More than 400 bikes at Leighton Buzzard event

Built from surplus War Department Light Railways equipment, the 2ft gauge light railway opened in 1919 to transport the high-quality sand that’s still quarried in the area to the main line. After a life span of exactly 50 years, it closed in 1969 when the quarries switched to road transportation.

It was taken over by volunteers who now run it as a heritage railway, and the collection includes several locomotives and other items that actually worked on the supply lines to the First World War trenches and survived.


Among the bikes noted by John Wallis were a rare 500cc Panther M95 owned by Rollo Turner, who rode it to the event from High Wycombe. Only 300 were built, and of the 11 or so that still exist, only four remain on the road. The recorded mileage of 60,000 could be original.

An unusual feature is the sheer number of fixing studs securing the cylinder to the crankcase.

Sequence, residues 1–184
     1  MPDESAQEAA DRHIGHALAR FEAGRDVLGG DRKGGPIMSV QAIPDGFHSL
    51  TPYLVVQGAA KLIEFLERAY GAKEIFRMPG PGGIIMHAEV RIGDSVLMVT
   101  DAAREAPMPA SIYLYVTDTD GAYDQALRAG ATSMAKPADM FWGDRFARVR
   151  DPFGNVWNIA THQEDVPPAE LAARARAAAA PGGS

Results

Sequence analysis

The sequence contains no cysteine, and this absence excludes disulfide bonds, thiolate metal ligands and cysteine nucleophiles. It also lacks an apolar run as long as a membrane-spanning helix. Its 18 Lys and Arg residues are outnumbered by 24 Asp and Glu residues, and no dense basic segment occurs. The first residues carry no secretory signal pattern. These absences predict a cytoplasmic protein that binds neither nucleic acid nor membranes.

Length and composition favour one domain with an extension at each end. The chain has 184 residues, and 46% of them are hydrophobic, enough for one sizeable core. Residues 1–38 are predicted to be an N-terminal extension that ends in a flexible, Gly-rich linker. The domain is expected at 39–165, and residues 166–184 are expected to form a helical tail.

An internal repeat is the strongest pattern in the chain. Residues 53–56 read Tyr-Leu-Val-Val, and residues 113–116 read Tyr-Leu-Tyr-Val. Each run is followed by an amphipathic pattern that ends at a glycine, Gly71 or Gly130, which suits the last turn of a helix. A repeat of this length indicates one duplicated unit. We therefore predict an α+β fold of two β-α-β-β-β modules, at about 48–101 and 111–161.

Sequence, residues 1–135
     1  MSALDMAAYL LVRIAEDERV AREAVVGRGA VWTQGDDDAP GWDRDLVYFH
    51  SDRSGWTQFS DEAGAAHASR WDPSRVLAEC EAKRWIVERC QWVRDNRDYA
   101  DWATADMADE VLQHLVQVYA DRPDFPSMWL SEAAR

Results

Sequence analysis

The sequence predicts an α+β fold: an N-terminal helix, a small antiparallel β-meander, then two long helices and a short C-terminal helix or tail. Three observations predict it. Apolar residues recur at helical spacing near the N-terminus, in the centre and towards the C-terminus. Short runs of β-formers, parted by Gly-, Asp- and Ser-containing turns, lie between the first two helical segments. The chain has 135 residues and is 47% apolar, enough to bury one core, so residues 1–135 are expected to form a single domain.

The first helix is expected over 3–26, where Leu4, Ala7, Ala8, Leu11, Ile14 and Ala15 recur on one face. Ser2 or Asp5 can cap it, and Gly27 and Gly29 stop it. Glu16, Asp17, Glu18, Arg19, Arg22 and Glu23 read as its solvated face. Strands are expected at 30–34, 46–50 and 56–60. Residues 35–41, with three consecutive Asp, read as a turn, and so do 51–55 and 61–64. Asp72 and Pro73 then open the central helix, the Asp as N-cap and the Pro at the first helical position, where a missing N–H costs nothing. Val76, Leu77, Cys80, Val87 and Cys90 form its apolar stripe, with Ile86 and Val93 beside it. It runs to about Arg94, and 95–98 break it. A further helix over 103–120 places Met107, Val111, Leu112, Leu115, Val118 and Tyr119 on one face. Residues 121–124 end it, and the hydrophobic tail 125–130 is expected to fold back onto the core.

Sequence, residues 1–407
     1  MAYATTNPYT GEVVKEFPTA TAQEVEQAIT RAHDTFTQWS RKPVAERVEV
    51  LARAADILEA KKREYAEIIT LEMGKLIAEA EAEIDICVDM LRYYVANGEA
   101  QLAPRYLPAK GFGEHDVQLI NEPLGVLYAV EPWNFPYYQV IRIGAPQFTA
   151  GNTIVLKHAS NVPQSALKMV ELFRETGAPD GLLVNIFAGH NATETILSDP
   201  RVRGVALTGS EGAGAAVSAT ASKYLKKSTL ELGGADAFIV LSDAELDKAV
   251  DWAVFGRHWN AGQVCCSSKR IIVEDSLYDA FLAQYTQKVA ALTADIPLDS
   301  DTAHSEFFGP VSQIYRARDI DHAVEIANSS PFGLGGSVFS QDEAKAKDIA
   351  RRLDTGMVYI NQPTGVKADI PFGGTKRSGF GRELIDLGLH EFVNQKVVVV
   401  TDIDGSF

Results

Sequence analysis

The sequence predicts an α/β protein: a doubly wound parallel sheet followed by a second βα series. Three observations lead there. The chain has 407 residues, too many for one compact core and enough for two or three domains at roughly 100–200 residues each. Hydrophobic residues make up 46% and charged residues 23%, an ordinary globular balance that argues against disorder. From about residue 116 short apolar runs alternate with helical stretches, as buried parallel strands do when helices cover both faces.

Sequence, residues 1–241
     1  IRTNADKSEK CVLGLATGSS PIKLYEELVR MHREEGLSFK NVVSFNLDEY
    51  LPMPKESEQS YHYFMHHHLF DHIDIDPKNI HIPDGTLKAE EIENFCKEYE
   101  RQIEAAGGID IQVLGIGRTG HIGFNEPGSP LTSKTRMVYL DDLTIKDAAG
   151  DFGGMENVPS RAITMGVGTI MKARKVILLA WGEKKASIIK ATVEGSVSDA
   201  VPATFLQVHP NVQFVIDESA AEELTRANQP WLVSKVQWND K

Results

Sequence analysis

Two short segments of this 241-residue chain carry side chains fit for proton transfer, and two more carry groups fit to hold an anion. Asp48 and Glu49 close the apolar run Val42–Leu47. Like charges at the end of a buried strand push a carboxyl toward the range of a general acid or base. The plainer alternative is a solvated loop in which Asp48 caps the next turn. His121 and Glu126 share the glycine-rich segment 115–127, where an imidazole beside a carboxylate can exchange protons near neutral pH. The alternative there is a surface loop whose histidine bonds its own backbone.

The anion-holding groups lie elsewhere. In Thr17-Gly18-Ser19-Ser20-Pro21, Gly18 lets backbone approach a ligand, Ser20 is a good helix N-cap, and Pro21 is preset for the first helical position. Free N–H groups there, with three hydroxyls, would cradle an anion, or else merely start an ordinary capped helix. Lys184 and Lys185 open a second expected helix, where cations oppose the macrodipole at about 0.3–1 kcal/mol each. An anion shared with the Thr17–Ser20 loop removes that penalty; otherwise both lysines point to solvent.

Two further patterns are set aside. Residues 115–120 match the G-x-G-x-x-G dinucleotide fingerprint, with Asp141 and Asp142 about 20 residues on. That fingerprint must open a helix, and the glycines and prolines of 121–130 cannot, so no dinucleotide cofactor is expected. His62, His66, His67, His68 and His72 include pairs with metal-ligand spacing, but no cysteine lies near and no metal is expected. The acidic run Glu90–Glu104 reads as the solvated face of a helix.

Another bike that caught the eye was a well-restored Velocette Venom ridden by Bryan Slingfield from Flitwick, which looked good and sounded great.


A rarely seen 1965 Villiers twin-powered DMW Deemster scooter, ex-police, which still has some of the patrol fittings, was ridden from the Heathrow area by Derek Titchmarsh, who’s had it for 20 years. The Deemster took pride of place on the DMW stand at the 1963 Earls Court Motorcycle Show.

Ridden from North Crawley, near Newport Pagnell, Terry Potter’s 1938 Norton 16H was bought as a box of bits, minus gearbox and other parts, 13 or 14 years ago, although the engine and frame did have matching numbers. Its final restoration is a credit to Terry, who’s had it back on the road for 18 months.


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